Now that we have an understanding of our unique blend of the doshas within our bodies, we can start to talk about how to balance the doshas through food in order to reach or maintain optimal health and well-being. But first, let’s talk about each dosha in detail.
Vata dosha is comprised of air and ether, making it light, cold, dry and, above all, mobile. Vata governs all of the movement of the body, including our ability to breath, move our muscles, take nutrients into cells and wastes out, to speak and express ourselves, to move food through the digestive system and to eliminate. The traditional vata body type is long and thin, with narrow bones and sinewy muscles. Their hair tends to be dry, thin and often curly, and their nails are thin and brittle and break easily. Vata types tend to have blue or grey eyes and small facial features. When out of balance, their body exhibits symptoms with cold, dry, light and mobile qualities like constipation, poor digestion, cold hands and feet or a cold feeling in general.
Through the expansive qualities of vata, vata types tend to be excellent multi-taskers, flitting from one thing to the next without the ability to focus on one thing for very long. Vata’s tend to have lots of inspiration and are known as the idea-makers of our culture. They are the artists, the musicians and the out-of-the-box thinkers. Through the ether element, vata-types can reach higher realms more easily, often creating a deep spiritual life. When vata’s are balanced, they are like an enthusiastic and exuberant butterfly flitting from friend to friend or project to project. When vatas are out of balance it leads to over-circulation of thoughts or “monkey-mind” and cold emotions like fear, worry and anxiety and insomnia.
Pitta dosha is comprised of fire and a little water, which gives pitta an oily quality. We find pitta in any transformational process within the body, including digestion (here, Pitta holds the agni, or digestive fire), hormones, and the oily component of our sweat. It also governs the liver, the red parts of the blood and our vision. The traditional pitta body-type can be summed up in one word: medium. Pitta’s have medium bone structure, tend to have well developed musculature (but not overdeveloped), often have deep-set eyes, reddish or ruddy skin with freckles or moles, can tend towards red hair or hair that goes grey or bald prematurely. When out of balance, pitta’s tend toward heat symptoms like burning mucous membranes, burning indigestion or heartburn, diarrhea, red eyes and headaches behind the eyes, feeling overheated and having liver problems.
The fiery qualities of pitta make them very passionate, driven people. Pitta’s are those who set goals and always reach them, pushing themselves further for success, often to the point of “burn-out.” When balanced, they are dedicated, passionate friends and workers, forward thinkers, excellent teachers, and truth-seekers. When they are unbalanced, they will shove anyone out of their way to get what they want as they let their ego take over. A pitta imbalance in the mind can lead to trouble sleeping due to constant list-making or mental organizing and hot emotions like anger, rage, jealousy and lust.
Kapha is comprised of the earth and water elements, making kapha the building blocks for all the tissues of our physical body. Kapha is the substance of our muscles, bones, skin, hair, nails — anything with physical substance. It also is within the water qualities of our body, including our blood plasma, sweat, sexual fluids and mucus. The traditional kapha body has more tissue than the other doshas, creating a stockier build of either greater muscle or fat around wide bones. Kapha people tend to have lustrous hair and thick nails, large eyes and soft facial features. Their skin tends to be soft and even. When imbalanced, the kapha body tends toward excess — weight gain, increased mucus production, water retention, slow or halted digestion and elimination and mucusy-type colds and flu.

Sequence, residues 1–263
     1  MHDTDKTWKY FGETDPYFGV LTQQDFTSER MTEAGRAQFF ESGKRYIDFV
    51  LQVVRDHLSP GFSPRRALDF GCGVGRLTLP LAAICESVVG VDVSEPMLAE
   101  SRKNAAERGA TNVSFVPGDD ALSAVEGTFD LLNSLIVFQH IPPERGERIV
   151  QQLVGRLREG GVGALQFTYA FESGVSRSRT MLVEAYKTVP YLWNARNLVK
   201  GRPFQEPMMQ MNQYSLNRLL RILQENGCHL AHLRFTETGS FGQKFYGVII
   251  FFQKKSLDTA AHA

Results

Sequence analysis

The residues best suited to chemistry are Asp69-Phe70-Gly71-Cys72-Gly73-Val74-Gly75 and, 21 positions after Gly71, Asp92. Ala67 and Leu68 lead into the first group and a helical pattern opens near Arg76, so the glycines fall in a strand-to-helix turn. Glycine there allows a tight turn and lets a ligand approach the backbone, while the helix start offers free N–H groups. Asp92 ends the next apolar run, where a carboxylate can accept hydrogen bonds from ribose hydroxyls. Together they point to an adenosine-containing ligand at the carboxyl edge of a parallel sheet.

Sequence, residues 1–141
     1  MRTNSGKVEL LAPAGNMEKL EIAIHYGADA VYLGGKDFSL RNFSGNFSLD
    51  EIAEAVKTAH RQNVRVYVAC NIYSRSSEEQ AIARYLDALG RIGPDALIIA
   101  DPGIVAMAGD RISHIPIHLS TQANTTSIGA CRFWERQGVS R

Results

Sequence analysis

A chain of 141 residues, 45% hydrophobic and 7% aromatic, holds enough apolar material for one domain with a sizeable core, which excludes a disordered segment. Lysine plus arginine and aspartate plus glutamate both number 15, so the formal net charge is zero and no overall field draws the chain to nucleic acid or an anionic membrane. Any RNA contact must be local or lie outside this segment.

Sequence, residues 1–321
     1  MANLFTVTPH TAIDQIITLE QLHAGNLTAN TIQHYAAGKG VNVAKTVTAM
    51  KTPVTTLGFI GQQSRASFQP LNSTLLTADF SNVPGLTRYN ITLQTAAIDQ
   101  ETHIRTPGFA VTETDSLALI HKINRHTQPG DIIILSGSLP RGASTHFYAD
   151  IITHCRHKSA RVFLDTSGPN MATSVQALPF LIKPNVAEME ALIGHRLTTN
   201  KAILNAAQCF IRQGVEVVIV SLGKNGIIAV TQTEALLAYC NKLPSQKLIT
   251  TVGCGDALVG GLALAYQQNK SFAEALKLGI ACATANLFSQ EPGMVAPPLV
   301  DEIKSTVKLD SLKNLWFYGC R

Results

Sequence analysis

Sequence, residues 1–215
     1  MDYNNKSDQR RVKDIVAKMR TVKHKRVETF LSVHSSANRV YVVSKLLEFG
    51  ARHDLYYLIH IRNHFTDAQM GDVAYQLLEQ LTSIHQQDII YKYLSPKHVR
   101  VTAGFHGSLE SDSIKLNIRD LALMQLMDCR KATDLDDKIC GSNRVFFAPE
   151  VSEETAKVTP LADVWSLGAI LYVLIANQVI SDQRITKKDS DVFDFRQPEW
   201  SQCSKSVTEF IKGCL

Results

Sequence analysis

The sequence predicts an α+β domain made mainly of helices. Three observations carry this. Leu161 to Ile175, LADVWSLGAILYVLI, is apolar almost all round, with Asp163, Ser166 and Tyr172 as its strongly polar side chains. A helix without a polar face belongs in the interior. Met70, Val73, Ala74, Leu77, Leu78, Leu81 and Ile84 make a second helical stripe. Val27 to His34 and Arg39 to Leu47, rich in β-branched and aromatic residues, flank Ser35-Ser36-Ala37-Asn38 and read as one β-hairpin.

Kapha in the mind manifests as someone who is steadfast — in the midst of an emotional storm, it is a kapha who will be standing firm. Their stability makes them excellent, dedicated friends. As an employee, it is the kapha person who will stick with one job and slowly work their way to the top. Kapha’s tend to be slower at learning, but once they master a skill they will do it perfectly for the long-term. When a kapha-type becomes imbalanced, they tend towards attachment to food, people or material possessions. They also tend towards lethargy, depression and sadness.
Balancing – Where to Begin?
Before we can think about what to eat to achieve balance, let’s consider the basic principles of creating balance through Ayurveda. The basic rule is that like increases like and opposites reduce. In order to balance the doshas, we’ll look to their main qualities to what to balance. The following chart describes each dosha, their main quality, their balancing qualities and a couple of ideas for diet and lifestyle balancing.
Obviously, this gets a bit more complicated when there are multiple doshas in our type, which there always are. Treat the dosha that is most prominent. If two are dominant then you balance treatment for the two. If it’s the case that you equally have all three chakras dominant, you are called “tri-doshic,” and balancing will always be a bit more of a dance.
The good news is that the doshas also govern our climate and the seasons, and that our bodies change given the climate or season that we’re in. This means that whether or not we understand how to eat for our doshic type, we can always eat according to the season in order to maintain basic body balance. In the next part, we’ll cover both eating for the seasons and eating for our type. Stay tuned!